Sunday, February 19, 2012

This Little Piggy

Iberico de bellota carefully hand sliced at Borough Market, London
There are only a few foods that I'll passionately seek out when I'm on the road: ice cream from Bertillon in Paris, sushi at the Tsukiji market in Tokyo, mangosteens in SE Asia, and iberico de bellota whenever in Europe.  

It's a hard call, but that last one, iberico de bellota, just might be the best thing I've ever tasted.

From the the Boston Globe...
It weighs 13 pounds, glistens with fat, and is capped by a dramatic black hoof.

It's a ham, but not just any ham. This is jamon iberico de bellota, the be-all-and-end-all, Rolls Royce, ne plus ultra of hams: one that positively demands a party.

Jamon iberico's cult following stems in part from its mystique: nearly unattainable, dearly expensive.

Its provenance adds to that; the ham comes from pigs that are as coddled as the cattle that become Kobe beef. The pigs roam free, feasting on acorns ("bellotas" in Spanish). "They live in pig paradise," says Harris. "They grow up as a gang together for two years, then when it's time for them to meet their maker, they play them Mozart. After Mozart, they go to bed for the night. I don't know if they're tucked in. The next morning they get hot showers, then some mysterious carbon dioxide enters their atmosphere and they go off to piggy heaven." This is referred to not as slaughtering the pigs, but as sacrificing them. The hams then cure for up to four years in clean mountain air.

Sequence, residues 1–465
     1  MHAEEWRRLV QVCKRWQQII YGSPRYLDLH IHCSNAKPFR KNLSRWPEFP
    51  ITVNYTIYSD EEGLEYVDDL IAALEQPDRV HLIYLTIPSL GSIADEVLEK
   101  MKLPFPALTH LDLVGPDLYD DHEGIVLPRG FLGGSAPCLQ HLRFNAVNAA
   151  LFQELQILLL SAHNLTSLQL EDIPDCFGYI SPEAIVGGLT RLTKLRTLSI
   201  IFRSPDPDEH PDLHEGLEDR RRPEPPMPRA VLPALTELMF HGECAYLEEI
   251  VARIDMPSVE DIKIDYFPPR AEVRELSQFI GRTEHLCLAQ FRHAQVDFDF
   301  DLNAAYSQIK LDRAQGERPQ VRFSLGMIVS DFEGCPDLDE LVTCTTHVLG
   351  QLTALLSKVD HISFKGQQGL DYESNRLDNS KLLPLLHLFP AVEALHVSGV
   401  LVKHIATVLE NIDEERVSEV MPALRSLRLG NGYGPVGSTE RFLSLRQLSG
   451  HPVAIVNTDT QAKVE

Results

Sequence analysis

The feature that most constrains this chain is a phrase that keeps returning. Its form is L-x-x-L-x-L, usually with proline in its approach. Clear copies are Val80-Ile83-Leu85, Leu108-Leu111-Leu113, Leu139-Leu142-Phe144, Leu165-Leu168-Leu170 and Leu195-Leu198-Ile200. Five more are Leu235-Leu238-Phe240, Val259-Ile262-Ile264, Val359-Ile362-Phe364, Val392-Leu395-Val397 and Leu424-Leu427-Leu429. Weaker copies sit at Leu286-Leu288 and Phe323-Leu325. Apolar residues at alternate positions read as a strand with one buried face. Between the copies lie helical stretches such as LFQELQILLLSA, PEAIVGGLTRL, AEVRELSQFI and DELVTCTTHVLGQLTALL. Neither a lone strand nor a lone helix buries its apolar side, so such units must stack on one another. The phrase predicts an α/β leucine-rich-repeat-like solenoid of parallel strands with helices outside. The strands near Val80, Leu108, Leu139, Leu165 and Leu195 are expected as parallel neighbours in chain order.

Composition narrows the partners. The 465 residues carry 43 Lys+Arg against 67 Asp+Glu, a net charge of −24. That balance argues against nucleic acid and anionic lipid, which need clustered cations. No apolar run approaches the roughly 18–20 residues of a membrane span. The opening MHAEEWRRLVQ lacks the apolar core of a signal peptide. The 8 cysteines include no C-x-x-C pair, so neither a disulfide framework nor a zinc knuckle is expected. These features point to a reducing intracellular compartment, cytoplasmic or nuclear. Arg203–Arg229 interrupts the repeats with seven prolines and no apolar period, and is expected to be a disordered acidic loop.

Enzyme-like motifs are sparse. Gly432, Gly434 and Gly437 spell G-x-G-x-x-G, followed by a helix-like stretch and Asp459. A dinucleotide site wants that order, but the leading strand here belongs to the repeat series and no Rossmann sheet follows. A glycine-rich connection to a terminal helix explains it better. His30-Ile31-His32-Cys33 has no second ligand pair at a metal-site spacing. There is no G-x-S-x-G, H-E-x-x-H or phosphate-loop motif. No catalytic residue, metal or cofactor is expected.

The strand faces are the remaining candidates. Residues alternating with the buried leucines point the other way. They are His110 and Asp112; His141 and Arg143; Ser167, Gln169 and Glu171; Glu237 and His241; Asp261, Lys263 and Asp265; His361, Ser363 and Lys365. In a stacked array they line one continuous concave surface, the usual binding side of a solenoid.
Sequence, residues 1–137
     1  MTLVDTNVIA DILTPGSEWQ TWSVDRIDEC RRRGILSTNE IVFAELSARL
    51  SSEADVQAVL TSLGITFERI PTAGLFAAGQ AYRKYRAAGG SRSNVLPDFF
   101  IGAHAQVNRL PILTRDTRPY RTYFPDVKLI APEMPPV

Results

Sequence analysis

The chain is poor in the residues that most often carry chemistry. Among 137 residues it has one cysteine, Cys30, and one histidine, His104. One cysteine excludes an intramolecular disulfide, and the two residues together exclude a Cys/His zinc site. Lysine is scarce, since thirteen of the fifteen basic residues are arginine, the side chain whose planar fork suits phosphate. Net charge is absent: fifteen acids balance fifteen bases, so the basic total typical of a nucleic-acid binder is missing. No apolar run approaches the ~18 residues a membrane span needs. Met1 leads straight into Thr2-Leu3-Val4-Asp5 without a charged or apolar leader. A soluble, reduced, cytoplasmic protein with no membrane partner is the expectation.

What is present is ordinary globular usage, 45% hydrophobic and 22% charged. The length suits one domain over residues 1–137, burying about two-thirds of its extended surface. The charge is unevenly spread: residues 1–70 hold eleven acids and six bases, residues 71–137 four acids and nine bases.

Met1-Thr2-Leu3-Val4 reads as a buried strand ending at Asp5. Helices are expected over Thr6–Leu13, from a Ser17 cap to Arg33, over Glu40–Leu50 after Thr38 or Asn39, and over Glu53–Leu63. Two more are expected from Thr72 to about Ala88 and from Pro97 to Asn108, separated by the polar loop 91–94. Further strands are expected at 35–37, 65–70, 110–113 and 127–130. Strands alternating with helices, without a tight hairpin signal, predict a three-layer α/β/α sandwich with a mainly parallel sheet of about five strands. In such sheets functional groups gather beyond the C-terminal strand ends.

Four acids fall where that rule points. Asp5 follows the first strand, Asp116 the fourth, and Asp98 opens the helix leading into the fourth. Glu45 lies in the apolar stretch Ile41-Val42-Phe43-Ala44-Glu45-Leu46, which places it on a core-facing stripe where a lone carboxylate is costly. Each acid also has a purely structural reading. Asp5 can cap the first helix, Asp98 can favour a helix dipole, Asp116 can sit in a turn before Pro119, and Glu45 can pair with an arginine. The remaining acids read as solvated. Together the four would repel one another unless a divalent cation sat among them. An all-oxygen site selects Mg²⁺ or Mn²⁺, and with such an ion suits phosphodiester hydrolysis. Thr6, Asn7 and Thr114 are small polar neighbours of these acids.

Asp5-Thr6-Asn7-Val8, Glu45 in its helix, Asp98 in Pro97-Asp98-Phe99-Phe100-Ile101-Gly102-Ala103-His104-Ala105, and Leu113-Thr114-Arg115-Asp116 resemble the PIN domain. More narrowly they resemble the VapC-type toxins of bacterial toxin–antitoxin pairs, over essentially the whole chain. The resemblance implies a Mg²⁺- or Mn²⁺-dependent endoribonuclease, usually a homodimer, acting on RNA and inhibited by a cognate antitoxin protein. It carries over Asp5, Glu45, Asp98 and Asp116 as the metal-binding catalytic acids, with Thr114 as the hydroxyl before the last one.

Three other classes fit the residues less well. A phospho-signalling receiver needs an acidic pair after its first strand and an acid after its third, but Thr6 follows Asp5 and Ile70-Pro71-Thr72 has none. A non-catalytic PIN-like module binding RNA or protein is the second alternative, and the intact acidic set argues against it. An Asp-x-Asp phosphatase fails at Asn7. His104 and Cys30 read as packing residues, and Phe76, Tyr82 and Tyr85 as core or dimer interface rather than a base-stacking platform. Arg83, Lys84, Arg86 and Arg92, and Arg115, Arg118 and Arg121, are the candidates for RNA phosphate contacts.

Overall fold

The piggy spa treatment takes place for a practical reason. "They want them very mellow," Harris says. "If they're scared, they produce epinephrine. If they're not stressed, the meat is fine. I'm not saying the ham people are pig lovers. They're meat lovers."

The main reason bellota ham is so coveted, of course, is its flavor. "It's very meaty, rich, marbled with fat," writes Andres. "Jamon iberico is the finest ham in the world. It is a ham that will ruin you for other hams."
Fine swine indeed.

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